A recent Psychology Today article identified a number of unusual factors that are characteristic of happy people.

Curiosity and risk

There are certainly times where doing what you already know is necessary to create comfort in stressful situations. However, studies show that pushing outside one’s comfort zone to explore/ seek new circumstances or activities, even if it causes discomfort in the short term, actually contributes to higher psychological peaks.

Big picture thinking

While being detail-oriented is helpful when negotiating complex situations, it seems the happiest people are not necessarily sweating the details.   People who are “dispositionally” happy tend to be less skeptical and more open to strangers and new situations.

Celebrating others’ wins

Intuitively, we think of friends being there for us in bad times.  However, the reverse is even more true.  Celebrating and being there for friends who are on the good side of fortune contributes both to cementing their positivity and increasing our own. In partnerships, couples that celebrate each other’s ‘wins’ are more likely to remain together.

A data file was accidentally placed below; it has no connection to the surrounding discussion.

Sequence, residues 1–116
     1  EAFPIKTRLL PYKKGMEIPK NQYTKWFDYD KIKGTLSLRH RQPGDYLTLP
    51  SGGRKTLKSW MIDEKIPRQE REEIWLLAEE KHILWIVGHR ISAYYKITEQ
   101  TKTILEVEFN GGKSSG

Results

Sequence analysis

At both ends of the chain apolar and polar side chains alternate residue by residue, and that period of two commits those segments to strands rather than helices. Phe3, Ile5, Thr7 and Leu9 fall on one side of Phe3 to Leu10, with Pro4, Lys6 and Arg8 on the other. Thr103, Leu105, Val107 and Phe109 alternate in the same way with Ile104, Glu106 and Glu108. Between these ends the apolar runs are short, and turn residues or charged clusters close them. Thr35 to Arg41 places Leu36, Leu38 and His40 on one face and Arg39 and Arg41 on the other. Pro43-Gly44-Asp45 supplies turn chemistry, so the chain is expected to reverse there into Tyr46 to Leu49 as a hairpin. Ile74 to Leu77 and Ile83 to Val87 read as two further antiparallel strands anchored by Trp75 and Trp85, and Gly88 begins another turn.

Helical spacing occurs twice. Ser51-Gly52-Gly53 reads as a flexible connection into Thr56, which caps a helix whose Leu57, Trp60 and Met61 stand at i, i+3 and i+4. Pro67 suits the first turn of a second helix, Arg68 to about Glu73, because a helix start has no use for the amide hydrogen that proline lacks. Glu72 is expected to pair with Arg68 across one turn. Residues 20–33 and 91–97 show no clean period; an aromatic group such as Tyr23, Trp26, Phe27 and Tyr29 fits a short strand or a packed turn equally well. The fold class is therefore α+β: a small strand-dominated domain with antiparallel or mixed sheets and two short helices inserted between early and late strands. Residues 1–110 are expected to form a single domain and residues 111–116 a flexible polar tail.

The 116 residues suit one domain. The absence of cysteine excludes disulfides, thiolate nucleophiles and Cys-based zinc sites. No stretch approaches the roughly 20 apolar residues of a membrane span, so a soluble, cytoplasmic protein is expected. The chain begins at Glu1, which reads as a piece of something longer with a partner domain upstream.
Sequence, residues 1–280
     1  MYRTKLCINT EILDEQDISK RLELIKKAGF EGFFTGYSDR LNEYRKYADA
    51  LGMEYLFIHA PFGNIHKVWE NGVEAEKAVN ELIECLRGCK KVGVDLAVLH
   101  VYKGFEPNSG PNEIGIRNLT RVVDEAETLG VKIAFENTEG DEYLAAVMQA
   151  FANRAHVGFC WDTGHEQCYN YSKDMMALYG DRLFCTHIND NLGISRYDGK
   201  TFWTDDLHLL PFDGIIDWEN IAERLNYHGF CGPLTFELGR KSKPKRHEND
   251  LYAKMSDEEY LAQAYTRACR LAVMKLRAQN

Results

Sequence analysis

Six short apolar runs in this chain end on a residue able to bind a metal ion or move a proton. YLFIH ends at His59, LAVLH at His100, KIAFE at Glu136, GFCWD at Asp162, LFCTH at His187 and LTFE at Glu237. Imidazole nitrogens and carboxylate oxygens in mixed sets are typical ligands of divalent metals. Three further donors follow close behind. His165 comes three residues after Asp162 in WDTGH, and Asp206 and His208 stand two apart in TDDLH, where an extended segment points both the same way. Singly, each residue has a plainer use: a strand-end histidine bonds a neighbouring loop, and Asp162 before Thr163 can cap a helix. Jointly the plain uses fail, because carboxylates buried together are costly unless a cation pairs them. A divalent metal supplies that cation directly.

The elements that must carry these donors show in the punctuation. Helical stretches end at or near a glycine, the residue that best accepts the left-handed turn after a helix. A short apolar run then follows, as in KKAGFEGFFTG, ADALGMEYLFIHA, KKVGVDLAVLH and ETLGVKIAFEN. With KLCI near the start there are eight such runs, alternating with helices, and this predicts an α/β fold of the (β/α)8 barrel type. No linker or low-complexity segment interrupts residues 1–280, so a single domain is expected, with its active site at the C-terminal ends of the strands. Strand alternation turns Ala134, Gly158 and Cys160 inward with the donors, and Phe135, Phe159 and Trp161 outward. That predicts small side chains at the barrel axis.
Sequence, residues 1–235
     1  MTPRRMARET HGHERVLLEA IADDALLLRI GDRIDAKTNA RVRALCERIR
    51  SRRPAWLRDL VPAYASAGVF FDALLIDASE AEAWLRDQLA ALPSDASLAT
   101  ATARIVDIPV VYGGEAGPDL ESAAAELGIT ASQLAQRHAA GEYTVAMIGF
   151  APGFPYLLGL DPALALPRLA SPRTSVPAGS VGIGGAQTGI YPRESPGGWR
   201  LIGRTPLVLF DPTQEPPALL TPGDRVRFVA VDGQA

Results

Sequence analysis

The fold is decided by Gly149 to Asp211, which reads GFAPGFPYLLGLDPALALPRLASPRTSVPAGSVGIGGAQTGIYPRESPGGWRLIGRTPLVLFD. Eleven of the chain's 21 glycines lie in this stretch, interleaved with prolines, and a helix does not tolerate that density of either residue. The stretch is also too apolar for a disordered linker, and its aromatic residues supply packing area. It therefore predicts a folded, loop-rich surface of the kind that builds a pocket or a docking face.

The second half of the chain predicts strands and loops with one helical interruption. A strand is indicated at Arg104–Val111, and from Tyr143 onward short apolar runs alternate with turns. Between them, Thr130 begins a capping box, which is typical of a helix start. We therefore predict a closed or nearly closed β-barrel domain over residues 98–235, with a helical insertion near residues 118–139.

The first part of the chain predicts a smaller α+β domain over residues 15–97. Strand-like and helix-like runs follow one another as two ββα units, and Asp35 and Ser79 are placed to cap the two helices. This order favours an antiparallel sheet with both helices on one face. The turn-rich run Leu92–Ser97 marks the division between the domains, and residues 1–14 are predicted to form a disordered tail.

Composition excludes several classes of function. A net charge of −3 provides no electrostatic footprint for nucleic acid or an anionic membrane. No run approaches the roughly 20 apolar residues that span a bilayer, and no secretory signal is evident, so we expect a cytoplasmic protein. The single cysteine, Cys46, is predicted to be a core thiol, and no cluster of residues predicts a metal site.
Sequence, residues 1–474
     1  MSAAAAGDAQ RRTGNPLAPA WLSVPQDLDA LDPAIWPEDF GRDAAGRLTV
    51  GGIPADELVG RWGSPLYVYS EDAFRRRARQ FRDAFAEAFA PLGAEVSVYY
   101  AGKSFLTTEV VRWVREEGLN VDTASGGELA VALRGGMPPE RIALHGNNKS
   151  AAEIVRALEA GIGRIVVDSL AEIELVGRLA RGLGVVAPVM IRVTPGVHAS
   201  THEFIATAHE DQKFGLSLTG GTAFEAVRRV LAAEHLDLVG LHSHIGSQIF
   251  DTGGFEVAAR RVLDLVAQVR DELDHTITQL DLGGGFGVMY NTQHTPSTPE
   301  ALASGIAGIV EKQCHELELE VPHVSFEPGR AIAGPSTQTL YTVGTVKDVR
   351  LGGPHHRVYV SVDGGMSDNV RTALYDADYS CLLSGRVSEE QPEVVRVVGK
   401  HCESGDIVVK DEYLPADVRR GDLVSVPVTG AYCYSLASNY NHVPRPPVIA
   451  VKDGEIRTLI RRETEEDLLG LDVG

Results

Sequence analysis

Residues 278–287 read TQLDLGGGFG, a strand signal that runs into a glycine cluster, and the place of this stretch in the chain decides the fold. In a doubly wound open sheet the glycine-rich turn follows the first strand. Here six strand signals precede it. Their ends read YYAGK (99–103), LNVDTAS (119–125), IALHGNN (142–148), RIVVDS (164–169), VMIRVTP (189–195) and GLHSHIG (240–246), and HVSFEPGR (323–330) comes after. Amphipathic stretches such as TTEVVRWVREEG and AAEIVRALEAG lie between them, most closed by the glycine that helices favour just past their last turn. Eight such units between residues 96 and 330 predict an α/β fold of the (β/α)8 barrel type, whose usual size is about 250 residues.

Flexible responses to circumstances

The happiest people don’t hide their feelings, but they’re also able to switch their feelings on/off depending on circumstances and who they’re around.  Tolerating frustration without immediately acting out, or choosing to save sharing a traumatic experience until you’re with a trusted confidante is not just a sign of emotional maturity.  It’s also a way to be happier in the long run.

Focusing on long term goals, vs. momentary pleasures

While everyone occasionally needs to take a break or slack off, studies show people who take steps towards their goals feel more engaged, purposeful, and able to tolerate negative feelings, even when things aren’t going their way.

Realizing happiness is not always the “be-all and end-all”

A well-lived life does not necessarily include 24-hour/7 day week happiness.  Some studies show people who value happiness above all else tend to be lonelier than others.  Develop and trust your own definition of well-being, and know that it may shift during your life.

Well-being for a student usually looks and feels different than well-being for a new parent, and empty nester, or retiree.

Some people value developing mastery of skills while others need social belonging.  In short aligning your actions with your personal values is the simplest way to attain your own version of happiness.

May we pursue our path, creating our own happiness and well-being,

Best wishes,

Elizabeth